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The Enterprise System Spectator

Monday, January 17, 2005

Competitors swarm around PeopleSoft customers

Like ticket scalpers outside a football stadium, Oracle competitors are jockeying for position in front of PeopleSoft customers. A few are already making offers:

Lawson is offering a migration program targeting PeopleSoft customers running on IBM's iSeries (formerly AS/400) hardware, mostly those running software from the former J.D. Edwards.

Microsoft is offering a 25% discount on its business applications, such as Great Plains and Axapta. I voiced my opinion on Microsoft's offer last week.

SAP apparently doesn't have a formal switch program, yet. But that hasn't stopped SAP from approaching PeopleSoft customers aggressively on a case-by-case basis. According to Computerworld, "...an SAP AG spokesman said that his company has reached out to PeopleSoft users ever since Oracle announced its intention to buy the firm in June 2003."

OpenMFG, a semi-open-source ERP vendor, has a different approach. Ned Lilly, CEO, wrote me last week pointing to his offer to PeopleSoft employees that are laid off by Oracle. He wants these "PeopleSoft refugees," as he calls them, will form consulting firms to rep OpenMFG.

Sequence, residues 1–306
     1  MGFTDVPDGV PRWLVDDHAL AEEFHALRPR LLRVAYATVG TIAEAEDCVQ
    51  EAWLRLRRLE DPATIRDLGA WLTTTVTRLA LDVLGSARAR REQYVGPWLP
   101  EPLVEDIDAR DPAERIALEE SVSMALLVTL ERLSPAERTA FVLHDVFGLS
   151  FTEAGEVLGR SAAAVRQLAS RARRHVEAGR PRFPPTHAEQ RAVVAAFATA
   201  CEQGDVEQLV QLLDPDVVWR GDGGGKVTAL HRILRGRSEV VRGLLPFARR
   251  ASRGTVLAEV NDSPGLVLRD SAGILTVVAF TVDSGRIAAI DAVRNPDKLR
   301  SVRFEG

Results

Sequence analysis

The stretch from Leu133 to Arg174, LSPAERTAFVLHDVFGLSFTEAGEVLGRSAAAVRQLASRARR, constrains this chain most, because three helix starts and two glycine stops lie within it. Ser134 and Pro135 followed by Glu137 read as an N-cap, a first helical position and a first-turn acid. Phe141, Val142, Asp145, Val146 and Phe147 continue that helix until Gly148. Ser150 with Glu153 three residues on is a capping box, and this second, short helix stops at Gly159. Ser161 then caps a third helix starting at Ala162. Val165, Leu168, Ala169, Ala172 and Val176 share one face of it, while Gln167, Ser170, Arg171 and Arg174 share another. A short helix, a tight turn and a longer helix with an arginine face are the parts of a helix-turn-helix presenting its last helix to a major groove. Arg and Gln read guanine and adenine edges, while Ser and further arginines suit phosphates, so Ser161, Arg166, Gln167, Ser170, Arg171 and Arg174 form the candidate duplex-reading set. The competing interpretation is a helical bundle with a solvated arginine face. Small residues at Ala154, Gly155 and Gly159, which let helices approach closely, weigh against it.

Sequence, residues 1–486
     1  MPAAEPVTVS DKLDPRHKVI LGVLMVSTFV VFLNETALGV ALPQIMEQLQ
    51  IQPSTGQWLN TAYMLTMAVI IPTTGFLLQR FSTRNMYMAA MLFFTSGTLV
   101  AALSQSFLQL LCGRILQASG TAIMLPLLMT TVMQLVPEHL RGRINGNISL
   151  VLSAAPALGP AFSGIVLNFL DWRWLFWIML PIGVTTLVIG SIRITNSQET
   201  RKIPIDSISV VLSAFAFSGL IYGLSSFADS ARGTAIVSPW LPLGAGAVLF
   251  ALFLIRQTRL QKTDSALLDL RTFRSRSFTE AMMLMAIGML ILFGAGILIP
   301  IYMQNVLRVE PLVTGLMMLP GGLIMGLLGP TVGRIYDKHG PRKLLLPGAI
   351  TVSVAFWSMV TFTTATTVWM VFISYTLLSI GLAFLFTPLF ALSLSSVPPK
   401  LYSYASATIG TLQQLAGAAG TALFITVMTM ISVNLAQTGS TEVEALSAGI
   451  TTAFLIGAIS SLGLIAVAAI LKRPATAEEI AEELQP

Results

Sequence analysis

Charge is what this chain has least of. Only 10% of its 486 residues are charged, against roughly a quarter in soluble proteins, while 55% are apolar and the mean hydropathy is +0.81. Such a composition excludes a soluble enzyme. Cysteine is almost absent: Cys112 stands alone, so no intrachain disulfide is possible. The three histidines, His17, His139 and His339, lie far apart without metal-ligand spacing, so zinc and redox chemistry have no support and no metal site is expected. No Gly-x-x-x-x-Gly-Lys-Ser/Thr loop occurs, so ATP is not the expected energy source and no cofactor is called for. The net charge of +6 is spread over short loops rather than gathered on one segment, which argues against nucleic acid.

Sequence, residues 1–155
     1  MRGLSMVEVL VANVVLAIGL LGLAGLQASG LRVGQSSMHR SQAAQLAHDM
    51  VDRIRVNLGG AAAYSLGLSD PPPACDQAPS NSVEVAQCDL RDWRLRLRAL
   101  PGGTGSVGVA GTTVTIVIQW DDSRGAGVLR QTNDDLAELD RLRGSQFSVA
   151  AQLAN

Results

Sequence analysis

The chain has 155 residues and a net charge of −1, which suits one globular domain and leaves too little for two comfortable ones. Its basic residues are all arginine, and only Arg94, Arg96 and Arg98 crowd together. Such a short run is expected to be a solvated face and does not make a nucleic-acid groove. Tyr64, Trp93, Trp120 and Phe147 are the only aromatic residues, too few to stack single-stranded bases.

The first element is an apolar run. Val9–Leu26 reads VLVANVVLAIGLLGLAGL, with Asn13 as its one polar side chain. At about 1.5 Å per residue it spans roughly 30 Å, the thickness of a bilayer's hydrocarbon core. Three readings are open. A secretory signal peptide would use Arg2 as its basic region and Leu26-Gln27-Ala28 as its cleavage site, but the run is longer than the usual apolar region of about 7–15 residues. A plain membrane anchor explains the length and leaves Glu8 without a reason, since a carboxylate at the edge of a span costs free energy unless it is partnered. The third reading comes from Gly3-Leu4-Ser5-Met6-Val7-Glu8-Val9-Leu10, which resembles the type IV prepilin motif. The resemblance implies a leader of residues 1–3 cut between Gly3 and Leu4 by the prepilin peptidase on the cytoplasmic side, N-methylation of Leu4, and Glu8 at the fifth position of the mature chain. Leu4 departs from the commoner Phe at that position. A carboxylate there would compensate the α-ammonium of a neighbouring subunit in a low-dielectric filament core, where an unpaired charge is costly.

Generally, I don't think any of these offers are going to get much traction, at least immediately, and I don't think Oracle is worried about them. Installed base customers are generally a conservative group, and I suspect most will take a wait-and-see approach with Oracle. Furthermore, if software professionals laid off by PeopleSoft want to form their own firms, they're more likely to do it in some way to support PeopleSoft's installed base.

Which brings me to my last point. One area that may get Oracle's attention is competitors that offer alternatives to Oracle's annual maintenance and support contracts. Several third party support firms, staffed with former PeopleSoft and JDE employees, are lining up to take annual maintenance fees away from Oracle. Firms such as Klee Associates and TomorrowNow offer annual maintenance and support at a price that is significantly less than what PeopleSoft used to offer. Inasmuch as PeopleSoft's maintenance revenue stream was one of the things that justified Oracle's sweetened offer, Oracle is probably not going to stand by and watch these customers depart. I'm no lawyer, but it wouldn't surprise me if Oracle launches some sort of legal attack against these firms, on whatever basis Oracle can come up with.

Update, Jan. 20. SAP has now formalized its switch program. SAP is offering 75% discounts to PeopleSoft customers who switch to SAP. See the Mercury News article for details. It is also offering reduced annual maintenance fees through its acquisition of PeopleSoft third-party support provider TomorrowNow. See my Jan. 20 post for details on SAP's TomorrowNow acquisition.

Related posts
Microsoft wants PeopleSoft customers but doesn't have much to offer
Oracle, IBM, Microsoft battle for technology infrastructure of PeopleSoft customers
IBM is a loser in Oracle/PeopleSoft deal
SAP to provide maintenance for PeopleSoft products

by Frank Scavo, 1/17/2005 10:26:00 AM | permalink | e-mail this!

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